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PRR R5 Northern Types by mrbill6ishere PRR R5 Northern Types by mrbill6ishere
The Pennsylvania Railroad was rather late in the race to begin creating super power steam engines. Even when it did, they were mostly just pre-existing classes with longer fireboxes and 4- wheel trailers. The first exception was the R3 "Keystone" 4-8-4s which came onto the scene in the mid- 1930s. Which were followed by the first 2 T1 4-4-4-4s, as well as the six R4 4-8-4s purchased with 6110 and 6111.

There were actually plenty more plan for super power steam to accompany the R3s and T1s in replacing the archaic K4s and L1s, but this situation changed in 1941, when the United States learned that Hitler had attempted a second attempt at the Zimmerman Telegram with Mexico. Only this time, Mexico told the US themselves, knowing that they would just fail if they joined the Axis. The end result was that the US joined the UK and USSR to fight Germany, Italy, and Spain. Japan was a colony of Portugal in this alternate timeline, but the US did send forces to support the Portuguese colonists there.

With the war on full, the War Production Board ordered Pennsylvania Railroad (PRR) officials to get serious and drop the 4-4-4-4 T1 project. PRR needed motive power and needed it now. For heavy freight service, they copied Chesapeake & Ohio's T1 design, a texas-type 2-10-4. A bit of cosmetic alterations and a PRR Cab Signal system, and those nine hundred, fifty-seven thousand pound bruisers began hauling the heavy tonnage over the Allegheny Summit at Gallitzin.

But PRR needed more power. The 125 J1's were great for heavy freight, but what about passenger and light but "time" freight? Passenger power during the war was strictly prohibited, but dual-service engines were permitted, if grudgingly. PRR argued that a 4-8-4 of similar loading to their J1's would have higher speed and wider range on the tighter trackage at the outer edges of the system. As a result, 20 R5s were authorized for building by Baldwin, Lima, and the PRR's own shops in Altoona. As well as by subsidiary Norfolk and western's shops in Roanoke, VA.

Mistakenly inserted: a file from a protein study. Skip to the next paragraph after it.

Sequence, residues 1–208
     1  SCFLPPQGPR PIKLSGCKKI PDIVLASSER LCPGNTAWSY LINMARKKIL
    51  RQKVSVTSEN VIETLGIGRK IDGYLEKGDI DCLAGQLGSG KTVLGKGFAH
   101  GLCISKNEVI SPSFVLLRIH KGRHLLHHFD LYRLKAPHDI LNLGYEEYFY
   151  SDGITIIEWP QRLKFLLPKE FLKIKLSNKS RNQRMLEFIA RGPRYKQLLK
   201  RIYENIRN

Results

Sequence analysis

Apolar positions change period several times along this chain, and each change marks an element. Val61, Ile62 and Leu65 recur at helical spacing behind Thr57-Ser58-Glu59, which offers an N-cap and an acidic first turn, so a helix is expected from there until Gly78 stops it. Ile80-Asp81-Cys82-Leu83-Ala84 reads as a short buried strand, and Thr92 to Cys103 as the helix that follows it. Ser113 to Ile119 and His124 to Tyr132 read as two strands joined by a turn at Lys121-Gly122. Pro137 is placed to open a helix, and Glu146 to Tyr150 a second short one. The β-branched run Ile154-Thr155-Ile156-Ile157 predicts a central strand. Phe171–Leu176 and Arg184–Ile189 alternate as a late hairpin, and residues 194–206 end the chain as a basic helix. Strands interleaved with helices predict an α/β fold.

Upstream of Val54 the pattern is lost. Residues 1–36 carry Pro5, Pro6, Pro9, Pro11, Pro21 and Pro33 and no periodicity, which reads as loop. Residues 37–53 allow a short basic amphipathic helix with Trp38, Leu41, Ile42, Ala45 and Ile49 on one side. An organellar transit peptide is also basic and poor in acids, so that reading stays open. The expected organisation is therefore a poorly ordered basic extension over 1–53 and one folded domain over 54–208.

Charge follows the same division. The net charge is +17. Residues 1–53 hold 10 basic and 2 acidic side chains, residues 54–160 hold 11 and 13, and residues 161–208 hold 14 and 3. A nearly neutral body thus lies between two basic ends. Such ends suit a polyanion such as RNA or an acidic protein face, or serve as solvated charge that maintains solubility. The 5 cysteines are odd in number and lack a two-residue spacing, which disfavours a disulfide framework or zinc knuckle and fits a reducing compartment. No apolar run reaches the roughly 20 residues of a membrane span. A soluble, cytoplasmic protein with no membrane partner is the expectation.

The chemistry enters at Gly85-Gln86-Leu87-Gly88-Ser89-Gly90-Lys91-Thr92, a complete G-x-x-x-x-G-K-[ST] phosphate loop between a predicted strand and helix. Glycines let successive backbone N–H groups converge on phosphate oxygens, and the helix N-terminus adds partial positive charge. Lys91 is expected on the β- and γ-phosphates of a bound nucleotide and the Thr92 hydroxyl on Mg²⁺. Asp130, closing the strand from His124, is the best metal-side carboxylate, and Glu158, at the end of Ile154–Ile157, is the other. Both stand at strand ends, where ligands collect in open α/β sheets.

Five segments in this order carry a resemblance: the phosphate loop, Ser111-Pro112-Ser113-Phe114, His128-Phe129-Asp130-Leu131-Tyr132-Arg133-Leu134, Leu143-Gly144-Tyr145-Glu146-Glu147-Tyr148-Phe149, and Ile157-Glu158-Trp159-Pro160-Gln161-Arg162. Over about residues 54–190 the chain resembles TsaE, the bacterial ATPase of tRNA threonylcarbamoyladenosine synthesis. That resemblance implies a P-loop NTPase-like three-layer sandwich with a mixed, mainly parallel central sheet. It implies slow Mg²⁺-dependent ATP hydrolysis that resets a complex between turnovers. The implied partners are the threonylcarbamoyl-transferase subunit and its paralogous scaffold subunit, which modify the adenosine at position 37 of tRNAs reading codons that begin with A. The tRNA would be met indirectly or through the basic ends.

However, they were nowhere near as numerous as the other classes based off C&O engines. In fact, they spent most of their lives on coal trains and in helper service over Horseshoe Curve. That said, they were considered a legitimate balance between the strength of the J1 2-10-4 and the speed of the U2 Berkshires. With some even being given belpaire fireboxes as experiments.

Many a railfan have since placed the class on their lists of best 4-8-4 steam engines. Typically alongside the C&O Greenbriers which influenced them.
:icontrainboy101:
trainboy101 Featured By Owner Aug 16, 2017  Student Digital Artist
I wish these were real
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:iconmaxm2317:
maxm2317 Featured By Owner Aug 10, 2017
Most impressive!  
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:iconrattlerjones:
RattlerJones Featured By Owner Aug 10, 2017  Student Filmographer
nice
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